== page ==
Ben Affleck

REVIEW: Justice League (2017)

Bruce Wayne (Ben Affleck) and Diana Prince (Gal Gadot) team up to bring together a group of heroes to stand against a threat like none of them have seen before.

There are many things that are not great in Justice League, but the characters and their interactions are what makes this film a lot more fun and enjoyable that Batman v Superman.

The main problem with Justice League is it spends the first third of the film having to set up three new heroes we’ve not met before, Cyborg/Victor Stone (Ray Fisher), The Flash/Barry Allen (Ezra Miller) and Aquaman/Arthur Curry (Jason Momoa), along with a villain in Steppenwolf (Ciarán Hinds) who has a whole backstory as well. There’s a lot of exposition to get through, some of which is heavy-handed, and it slows down the pace of the film as it makes you to wait for any of the action scenes and the main plot to start proper.

When the heroes are together it’s nice to see them getting to know one another as they work together, but unless you know these characters from comics or TV shows, you don’t know enough about them to really care about them or become attached. Still, there’s some funny moments between the team of heroes as you start to see their personalities come through.

Justice League features an end-of-the-world-plot, but you don’t really feel those stakes due to this world seemingly not be populated by anyone but the heroes and people they know. Even when clashes between heroes and villains happen in a major city, there’s no one but the heroes around – it’s quite jarring and makes the threat not feel threatening.

Justice League is watchable, the characters are fun and the action (when it happens) is mostly exciting and engaging. However, the editing in fight scenes don’t always make everything clear and the plot itself has neither high stakes nor is always coherent. It’s the step in the right direction for the DCEU but it is a step down from Wonder Woman. 3/5.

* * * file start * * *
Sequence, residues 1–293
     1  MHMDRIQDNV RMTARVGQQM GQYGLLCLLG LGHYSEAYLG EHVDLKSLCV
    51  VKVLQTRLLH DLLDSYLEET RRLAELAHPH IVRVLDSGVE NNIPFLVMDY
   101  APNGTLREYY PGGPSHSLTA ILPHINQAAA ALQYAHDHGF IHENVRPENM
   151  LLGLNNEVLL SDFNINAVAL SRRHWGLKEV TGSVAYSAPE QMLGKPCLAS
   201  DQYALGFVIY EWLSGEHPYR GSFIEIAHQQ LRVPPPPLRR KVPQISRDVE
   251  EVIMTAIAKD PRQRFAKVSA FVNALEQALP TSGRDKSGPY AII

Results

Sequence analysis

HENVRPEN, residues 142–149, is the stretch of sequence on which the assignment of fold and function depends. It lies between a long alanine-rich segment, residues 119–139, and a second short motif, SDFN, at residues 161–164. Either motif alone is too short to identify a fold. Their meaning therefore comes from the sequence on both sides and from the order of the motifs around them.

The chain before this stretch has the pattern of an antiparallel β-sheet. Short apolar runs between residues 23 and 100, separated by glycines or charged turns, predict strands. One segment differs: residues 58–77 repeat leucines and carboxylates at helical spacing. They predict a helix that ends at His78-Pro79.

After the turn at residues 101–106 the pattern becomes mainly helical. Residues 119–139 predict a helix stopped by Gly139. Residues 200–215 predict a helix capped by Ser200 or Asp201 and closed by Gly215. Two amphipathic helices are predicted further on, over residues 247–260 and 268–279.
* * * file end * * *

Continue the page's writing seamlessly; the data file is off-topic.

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REVIEW: Batman v Superman: Dawn of Justice (2016)

batman v supermanBatman (Ben Affleck) vows to take on Superman (Henry Cavil) when he fears that if the alien’s actions remain unchecked, it could mean even more pain and destruction for humanity. Meanwhile Lex Luthor (Jesse Eisenberg) is using Kryptonian technology to fuel his own ambitions and the world tries to decide what sort of hero they want and need.

This is Ben Affleck’s first outing as Bruce Wayne/Batman and he is brilliant in both roles. He is an older Bruce Wayne who has been the Batman for twenty years so he’s seen some stuff and is a bit world-weary and cynical. His relationship with Alfred (Jeremy Irons) is great and Alfred in general offers some great lines and the film shows how well Alfred and Bruce work together. All the Batman-related stuff is definitely a highlight of the film.

When Batman and Superman fight, it is brutal and it’s kind of great to watch. These are two of the biggest superheroes out there so to watch them duke it out is a sight to behold. Also when Wonder Woman (Gal Gadot) finally makes her appearance it is an amazing “hero” moment and the soundtrack that starts when she appears is my new favourite piece of music.